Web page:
Augusta Bridge on the Verge of Collapse

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Photos courtesy of Jim Lytton

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AUGUSTA, KANSAS-  Abandoned Bridges. They hold secrets to the past, how they once served farms and communities, and how they were constructed. They fit the natural scenery, and sometimes, they are best left as is, right?

Unless they have little or no value and are best served as fishing piers, natural habitats and photo opportunities, there are some bridges that have been left in tact for years that deserve to be preserved because of their beauty and history, alone. With the Augusta Bridge, spanning the Whitewater Bridge northwest of town, the answer is clearly no.

Built in 1886 by P.E. Lane Bridge Company in Chicago, the bridge is one of the last surviving iron through truss bridges in the state, featuring pinned connections and unusual portal bracings. The through truss type is a typical Pratt and the overhead strut bracings are V-laced supported by 45° angle heels. The bridge has eight panels and the length is over 150 feet with a width of approximately 15 feet. Its portal bracings are unique as they feature Town Lattice portals with heel bracings bearing the same pattern. Town Lattice portal bracings, which were commonly used for iron truss bridges in the 1870s and early 1880s were becoming rarer at the time of the construction of this bridge, as Howe lattice and letter-frame portals (A, X, W, M, and WV)  were becoming more common for use. The structure has been sitting abandoned since SW 90th Street was vacated by the county in 1975.

Fourty-one years later, the bridge is still standing, but who knows for how long. Built on stone abutments and piers, the bridge is on the verge of collapse, as high waters from recent flooding has resulted in the scouring of the stone piers and debris from falling trees are left dangling in the top chord of the structure. Unless construction crews can find a way to remove the debris and carefully dismantle the bridge and take it to shore for storage and potential reuse, the next flood could be the last one for the bridge.

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Already two historic bridges, both in Iowa, have fallen victim to flash floods this year, as the Maple Hill Bridge in Washington County, which had been abandoned for many years with the decking removed, collapsed under weight from floodwaters and a pile of debris from fallen trees. The bridge was also a Pratt through truss with A-frame portal bracings and was built in 1896 by the Iowa Bridge Company. Ice jams and neglect brought down one of four spans of the Wagon Wheel Bridge west of Boone in March. That bridge is currently being removed after sitting abandoned since 2007 and sustaining damage by fire, vandalism and flooding in the last eleven months. Should there be no attention brought to the Augusta Bridge soon, chances are very likely that another historic bridge with a potential to be reused for recreationa purposes will vanish as well.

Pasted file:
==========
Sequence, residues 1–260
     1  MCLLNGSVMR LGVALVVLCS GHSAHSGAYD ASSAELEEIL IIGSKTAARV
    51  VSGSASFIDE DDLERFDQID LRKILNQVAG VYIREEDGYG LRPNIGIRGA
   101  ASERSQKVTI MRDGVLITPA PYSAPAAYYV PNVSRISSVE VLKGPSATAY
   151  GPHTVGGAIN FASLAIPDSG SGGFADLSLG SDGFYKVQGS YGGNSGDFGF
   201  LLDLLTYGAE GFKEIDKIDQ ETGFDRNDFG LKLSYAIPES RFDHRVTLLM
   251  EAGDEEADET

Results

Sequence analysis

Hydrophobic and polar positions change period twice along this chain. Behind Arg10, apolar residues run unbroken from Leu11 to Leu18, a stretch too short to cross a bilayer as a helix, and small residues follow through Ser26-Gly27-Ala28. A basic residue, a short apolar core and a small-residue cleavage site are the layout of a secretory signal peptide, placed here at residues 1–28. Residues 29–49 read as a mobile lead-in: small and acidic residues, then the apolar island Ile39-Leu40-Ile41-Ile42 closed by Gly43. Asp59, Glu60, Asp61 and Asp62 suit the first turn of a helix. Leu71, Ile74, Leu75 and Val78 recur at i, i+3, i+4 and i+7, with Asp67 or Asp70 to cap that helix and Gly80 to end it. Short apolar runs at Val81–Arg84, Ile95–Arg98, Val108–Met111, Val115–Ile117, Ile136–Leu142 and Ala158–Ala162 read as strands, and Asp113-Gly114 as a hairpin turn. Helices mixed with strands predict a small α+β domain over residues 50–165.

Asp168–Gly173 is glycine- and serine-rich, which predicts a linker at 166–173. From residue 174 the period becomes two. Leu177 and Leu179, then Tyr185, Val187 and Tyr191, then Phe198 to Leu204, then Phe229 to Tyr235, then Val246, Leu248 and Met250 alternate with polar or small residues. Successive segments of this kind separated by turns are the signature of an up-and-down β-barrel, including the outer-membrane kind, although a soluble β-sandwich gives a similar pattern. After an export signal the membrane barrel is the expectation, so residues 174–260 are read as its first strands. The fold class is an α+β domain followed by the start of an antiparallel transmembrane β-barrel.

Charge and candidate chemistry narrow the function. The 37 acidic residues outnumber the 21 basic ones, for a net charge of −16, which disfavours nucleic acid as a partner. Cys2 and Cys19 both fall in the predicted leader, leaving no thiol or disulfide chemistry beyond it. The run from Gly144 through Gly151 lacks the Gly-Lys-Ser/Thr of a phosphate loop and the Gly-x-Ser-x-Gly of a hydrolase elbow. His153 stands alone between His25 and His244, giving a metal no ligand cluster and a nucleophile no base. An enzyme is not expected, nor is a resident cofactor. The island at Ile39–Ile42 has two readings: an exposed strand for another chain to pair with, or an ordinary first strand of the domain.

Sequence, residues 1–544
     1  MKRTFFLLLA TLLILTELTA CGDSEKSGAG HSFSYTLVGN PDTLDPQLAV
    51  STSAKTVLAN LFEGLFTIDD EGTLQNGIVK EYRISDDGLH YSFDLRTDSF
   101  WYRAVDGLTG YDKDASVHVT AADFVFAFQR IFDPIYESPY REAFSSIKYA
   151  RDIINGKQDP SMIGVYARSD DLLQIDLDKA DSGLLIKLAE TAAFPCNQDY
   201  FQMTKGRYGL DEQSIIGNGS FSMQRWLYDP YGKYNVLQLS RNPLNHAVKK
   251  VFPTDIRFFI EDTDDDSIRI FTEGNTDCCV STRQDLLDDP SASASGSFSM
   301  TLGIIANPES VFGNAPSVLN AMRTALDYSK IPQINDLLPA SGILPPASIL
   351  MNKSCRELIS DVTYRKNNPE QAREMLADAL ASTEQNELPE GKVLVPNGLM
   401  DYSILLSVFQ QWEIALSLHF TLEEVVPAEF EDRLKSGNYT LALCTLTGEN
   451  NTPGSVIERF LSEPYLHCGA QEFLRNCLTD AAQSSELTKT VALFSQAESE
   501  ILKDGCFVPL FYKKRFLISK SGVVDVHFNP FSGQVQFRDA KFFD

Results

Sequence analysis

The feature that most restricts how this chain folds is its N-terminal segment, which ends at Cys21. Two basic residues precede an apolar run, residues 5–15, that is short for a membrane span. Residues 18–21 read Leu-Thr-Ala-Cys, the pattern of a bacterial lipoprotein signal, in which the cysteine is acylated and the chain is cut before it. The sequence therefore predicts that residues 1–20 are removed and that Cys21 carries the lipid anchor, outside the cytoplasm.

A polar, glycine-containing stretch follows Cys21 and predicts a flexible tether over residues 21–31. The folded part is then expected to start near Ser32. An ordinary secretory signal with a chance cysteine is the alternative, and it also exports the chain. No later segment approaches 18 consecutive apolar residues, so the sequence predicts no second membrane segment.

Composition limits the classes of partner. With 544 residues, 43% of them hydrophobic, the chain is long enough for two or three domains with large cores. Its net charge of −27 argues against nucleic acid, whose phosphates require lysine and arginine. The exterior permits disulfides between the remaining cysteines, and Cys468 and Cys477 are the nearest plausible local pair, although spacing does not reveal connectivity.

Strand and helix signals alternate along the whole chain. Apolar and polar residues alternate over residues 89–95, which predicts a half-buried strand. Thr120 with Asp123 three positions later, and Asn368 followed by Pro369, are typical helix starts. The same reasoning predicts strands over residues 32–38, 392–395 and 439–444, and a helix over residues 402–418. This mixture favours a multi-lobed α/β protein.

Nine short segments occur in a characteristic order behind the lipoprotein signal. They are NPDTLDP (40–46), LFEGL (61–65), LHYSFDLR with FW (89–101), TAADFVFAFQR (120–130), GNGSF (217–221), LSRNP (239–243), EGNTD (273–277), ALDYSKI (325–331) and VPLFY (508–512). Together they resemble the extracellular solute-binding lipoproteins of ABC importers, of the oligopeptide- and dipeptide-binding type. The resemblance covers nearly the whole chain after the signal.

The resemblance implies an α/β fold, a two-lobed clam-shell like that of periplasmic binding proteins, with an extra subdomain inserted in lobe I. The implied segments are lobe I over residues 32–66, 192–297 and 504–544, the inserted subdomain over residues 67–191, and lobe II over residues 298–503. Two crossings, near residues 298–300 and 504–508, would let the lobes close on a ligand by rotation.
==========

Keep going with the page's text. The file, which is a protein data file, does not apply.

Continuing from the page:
The Augusta Bridge is one of a handful of examples of bridges built by this prominent Chicago bridge builder, as he built bridges between 1880 and the early 1900s. He was the same person who reused trusses from a Ferris Wheel built for the Chicago World Expo in 1893. Two of these bridges: the Dunn’s Crossing in Indiana and Sugar Creek Chapel Bridge in Illinois are still standing and used for pedestrian traffic. He is not the same person who invented the Lane Truss (Daniel Lane patented the truss in the 1870s), but it is unknown if the two were related or had any business during the golden age of building truss bridges in the later half of the 19th Century. Counting this and the two Ferris bridges, the Augusta Bridge is one of only six bridges left in the country built by Lane, all but two are now designated for pedestrian use.